Native Americans

Painted by Herb Roe, Wikimedia Commons, CC-BY-SA-3.0,2.5,2.0,1.0

The earliest dates of activity at the Kincaid Mounds in Massac County, Illinois, go back to 1050 A.D. It was once a large village, the capital of a Native American chiefdom, which existed until 1400 A.D., says John Schwegman of the Kincaid Mounds Support Organization. On Sounds Good, Austin Carter speaks with Schwegman about the Archaeology Field Day at the site this Saturday from 10 a.m. to 3 p.m.

Trail of Tears Commission Powwow / Facebook

It is a celebration as much as it is a memorial. With festive regalia flying and the warm scent of Indian fly bread floating through the air, the 28th Annual Trail of Tears Powwow will be held this weekend at the Trail of Tears Commemorative Park in Hopkinsville. Commissioner Peg Hayes speaks with Matt Markgraf on Sounds Good  to tell us more about the festivities. 

Wickliffe Mounds State Historic Site / Facebook

Over 700 years ago, before the time of Daniel Boone and even Columbus, a community of ancient Native Americans thrived in a network of villages lining the Mississippi River. This weekend, children and adults alike can glimpse into that past at Wickliffe Mounds State Historic Site with a Mississippian Culture Gorget (pronounced 'gor-jet') Workshop. Park Manager Carla Hildebrand and Park Programmer Jessica Crisp speak with Kate on Sounds Good about the workshop and guided tour this Saturday.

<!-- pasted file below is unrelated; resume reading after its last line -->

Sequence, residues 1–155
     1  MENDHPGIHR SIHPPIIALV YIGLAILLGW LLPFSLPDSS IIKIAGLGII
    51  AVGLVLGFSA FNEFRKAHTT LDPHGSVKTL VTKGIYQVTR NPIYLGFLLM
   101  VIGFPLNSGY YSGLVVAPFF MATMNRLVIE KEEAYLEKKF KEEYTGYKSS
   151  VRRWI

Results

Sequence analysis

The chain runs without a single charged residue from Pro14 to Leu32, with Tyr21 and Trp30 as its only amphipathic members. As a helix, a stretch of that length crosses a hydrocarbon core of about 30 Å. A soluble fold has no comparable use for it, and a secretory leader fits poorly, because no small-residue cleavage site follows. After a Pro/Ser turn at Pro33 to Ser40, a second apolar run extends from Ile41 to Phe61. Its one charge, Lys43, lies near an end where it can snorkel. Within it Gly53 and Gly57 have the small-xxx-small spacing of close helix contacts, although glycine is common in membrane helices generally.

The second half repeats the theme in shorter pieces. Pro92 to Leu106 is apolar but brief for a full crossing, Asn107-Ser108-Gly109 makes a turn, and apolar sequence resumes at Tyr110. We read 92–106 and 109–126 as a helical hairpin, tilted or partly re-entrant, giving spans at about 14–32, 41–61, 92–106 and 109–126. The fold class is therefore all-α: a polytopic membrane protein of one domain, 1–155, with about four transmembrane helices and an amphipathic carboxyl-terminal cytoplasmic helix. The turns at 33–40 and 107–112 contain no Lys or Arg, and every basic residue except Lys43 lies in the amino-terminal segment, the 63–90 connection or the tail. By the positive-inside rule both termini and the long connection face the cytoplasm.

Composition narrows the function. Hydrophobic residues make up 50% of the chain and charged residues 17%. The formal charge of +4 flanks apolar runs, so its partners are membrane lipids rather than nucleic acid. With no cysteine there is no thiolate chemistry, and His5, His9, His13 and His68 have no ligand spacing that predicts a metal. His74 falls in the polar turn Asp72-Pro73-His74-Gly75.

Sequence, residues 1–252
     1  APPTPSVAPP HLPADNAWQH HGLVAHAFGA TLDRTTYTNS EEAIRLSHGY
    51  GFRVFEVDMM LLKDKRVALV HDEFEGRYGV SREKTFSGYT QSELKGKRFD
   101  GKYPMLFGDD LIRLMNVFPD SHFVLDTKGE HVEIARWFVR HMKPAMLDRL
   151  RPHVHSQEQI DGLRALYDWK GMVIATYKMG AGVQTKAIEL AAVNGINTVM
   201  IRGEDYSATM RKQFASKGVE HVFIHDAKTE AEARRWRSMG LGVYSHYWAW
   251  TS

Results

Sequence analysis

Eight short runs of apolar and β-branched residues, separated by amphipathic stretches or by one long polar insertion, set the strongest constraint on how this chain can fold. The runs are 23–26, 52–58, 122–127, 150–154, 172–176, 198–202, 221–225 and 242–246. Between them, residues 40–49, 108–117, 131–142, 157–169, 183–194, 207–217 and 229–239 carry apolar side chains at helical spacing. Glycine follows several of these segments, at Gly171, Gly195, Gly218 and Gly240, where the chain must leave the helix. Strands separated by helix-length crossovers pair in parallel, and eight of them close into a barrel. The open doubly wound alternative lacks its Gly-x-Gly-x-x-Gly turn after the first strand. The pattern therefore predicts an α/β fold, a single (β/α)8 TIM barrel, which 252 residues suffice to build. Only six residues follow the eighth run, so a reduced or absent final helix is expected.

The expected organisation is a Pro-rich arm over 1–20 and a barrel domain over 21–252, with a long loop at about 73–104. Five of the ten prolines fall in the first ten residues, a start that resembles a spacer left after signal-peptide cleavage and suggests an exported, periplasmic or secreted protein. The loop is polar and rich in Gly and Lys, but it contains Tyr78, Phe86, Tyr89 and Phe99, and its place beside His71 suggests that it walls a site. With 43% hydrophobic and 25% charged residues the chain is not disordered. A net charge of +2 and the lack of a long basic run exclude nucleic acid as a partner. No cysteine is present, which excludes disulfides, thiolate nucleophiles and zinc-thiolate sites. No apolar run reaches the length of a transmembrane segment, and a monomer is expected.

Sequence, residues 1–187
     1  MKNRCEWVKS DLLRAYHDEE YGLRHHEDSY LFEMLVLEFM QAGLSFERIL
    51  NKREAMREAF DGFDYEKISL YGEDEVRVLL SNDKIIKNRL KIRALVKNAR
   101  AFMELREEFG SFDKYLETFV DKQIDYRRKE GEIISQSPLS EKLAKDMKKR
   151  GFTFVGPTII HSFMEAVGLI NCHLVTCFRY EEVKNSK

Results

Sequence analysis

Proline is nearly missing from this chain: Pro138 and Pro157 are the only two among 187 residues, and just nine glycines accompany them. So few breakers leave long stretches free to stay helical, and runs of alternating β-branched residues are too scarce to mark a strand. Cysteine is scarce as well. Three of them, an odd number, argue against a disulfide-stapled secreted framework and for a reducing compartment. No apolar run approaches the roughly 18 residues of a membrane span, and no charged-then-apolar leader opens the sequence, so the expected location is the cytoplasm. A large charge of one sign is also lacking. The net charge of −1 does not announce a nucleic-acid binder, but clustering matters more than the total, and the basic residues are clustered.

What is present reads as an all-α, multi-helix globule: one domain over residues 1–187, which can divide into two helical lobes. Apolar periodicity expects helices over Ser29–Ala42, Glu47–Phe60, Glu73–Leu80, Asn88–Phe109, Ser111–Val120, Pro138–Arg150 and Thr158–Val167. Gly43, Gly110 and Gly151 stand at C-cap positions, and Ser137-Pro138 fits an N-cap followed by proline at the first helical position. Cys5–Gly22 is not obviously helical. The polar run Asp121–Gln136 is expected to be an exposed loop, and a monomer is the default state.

Finding an address on a map can be taken for granted in the age of GPS and smartphones. But centuries of forced relocation, disease and genocide have made it difficult to find where many Native American tribes once lived.

Aaron Carapella, a self-taught mapmaker in Warner, Okla., has pinpointed the locations and original names of hundreds of American Indian nations before their first contact with Europeans.


From NPR: A Native American tribe sues big beer makers for selling millions of cans each year to a town of 11 people where residents of a nearby dry reservation come to drink it up on an almost daily basis.

This past week, hundreds gathered at Wickliffe Mounds State Historic Site to close a chapter in the Native American history of our region.  They witnessed a ceremony honoring the reburial of the remains of Mississippian-era mound builders who lived in our area almost a thousand years ago.  For over 50 years, the owners of the land that now makes up the historic site displayed them as part of a tourist attraction called Ancient Buried City.